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All-star concert honors life of Norton Buffalo

on January 25, 2010 No comments

Bay Area music stars shine in tribute to Norton Buffalo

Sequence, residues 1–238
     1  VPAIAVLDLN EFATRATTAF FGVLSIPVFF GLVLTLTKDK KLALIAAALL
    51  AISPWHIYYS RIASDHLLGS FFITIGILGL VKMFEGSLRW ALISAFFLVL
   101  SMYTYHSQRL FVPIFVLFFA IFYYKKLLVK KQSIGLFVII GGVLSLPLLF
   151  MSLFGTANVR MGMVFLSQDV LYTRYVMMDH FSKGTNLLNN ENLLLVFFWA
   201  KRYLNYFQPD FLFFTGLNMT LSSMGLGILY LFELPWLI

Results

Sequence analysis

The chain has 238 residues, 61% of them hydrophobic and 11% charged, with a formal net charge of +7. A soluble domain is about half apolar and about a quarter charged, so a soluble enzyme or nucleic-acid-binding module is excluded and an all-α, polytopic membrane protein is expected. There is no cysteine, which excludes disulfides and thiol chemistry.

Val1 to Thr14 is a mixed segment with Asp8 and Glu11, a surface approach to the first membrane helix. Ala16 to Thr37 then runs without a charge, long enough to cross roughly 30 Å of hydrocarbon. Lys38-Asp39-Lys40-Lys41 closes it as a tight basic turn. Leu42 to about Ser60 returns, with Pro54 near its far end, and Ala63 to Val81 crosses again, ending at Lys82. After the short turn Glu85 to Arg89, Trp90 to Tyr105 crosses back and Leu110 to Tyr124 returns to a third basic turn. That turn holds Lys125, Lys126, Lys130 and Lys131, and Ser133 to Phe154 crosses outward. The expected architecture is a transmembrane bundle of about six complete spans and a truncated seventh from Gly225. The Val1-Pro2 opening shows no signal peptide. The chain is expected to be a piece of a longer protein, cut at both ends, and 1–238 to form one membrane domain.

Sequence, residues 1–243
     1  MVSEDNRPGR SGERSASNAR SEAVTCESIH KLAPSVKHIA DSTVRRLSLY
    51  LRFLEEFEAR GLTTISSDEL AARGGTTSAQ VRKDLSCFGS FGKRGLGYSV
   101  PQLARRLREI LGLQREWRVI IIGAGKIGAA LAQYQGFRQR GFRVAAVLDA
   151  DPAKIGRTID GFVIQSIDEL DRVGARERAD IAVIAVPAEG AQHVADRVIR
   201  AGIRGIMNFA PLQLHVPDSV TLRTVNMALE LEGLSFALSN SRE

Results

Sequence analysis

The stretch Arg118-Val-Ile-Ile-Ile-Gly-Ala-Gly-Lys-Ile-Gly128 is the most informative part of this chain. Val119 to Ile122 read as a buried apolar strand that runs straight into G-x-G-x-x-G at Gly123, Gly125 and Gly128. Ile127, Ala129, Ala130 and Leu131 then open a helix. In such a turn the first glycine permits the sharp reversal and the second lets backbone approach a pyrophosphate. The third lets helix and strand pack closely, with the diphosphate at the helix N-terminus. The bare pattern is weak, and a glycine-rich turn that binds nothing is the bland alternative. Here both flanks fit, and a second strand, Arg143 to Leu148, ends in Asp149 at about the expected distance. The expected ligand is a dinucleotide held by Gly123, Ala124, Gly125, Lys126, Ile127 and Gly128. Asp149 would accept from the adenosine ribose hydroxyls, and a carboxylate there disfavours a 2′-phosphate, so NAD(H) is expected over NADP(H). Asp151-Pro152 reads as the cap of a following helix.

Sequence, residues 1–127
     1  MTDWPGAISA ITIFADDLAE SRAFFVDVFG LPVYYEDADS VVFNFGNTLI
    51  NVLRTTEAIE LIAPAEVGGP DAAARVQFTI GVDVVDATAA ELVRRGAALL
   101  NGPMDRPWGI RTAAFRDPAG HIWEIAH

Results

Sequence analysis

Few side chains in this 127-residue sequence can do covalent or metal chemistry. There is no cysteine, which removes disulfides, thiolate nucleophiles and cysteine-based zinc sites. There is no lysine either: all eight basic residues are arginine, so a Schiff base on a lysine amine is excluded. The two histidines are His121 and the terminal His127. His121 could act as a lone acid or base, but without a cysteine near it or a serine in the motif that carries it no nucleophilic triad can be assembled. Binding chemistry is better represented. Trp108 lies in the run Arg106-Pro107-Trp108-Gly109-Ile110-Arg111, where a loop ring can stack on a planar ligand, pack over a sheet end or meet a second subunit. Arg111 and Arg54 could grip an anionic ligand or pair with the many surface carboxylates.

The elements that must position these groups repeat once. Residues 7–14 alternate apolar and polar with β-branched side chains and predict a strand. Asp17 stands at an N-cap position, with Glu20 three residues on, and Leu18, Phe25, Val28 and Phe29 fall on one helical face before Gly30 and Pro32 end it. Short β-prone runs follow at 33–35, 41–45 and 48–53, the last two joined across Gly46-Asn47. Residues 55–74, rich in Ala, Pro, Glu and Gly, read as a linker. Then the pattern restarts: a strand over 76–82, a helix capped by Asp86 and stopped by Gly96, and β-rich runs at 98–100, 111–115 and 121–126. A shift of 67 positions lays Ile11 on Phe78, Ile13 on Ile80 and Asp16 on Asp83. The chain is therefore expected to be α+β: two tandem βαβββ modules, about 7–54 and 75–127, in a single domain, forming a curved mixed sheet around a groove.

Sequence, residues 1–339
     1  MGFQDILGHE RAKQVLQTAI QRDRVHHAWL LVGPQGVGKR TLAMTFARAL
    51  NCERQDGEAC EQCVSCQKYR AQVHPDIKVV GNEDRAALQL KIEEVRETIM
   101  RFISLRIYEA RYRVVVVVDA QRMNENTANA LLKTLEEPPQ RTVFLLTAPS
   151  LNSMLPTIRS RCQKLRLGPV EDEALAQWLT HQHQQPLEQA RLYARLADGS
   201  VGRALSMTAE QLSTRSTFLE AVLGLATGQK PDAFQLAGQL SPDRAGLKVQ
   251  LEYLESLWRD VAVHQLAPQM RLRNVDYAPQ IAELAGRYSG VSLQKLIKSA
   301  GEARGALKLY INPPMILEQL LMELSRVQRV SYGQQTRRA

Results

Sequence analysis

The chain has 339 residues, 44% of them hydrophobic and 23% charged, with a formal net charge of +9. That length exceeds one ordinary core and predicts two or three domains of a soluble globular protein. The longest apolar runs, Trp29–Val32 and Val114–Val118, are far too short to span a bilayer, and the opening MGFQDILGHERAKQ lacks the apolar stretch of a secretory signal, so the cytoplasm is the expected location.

Joel Selvin, Chronicle Senior Pop Music Correspondent
January 25, 2010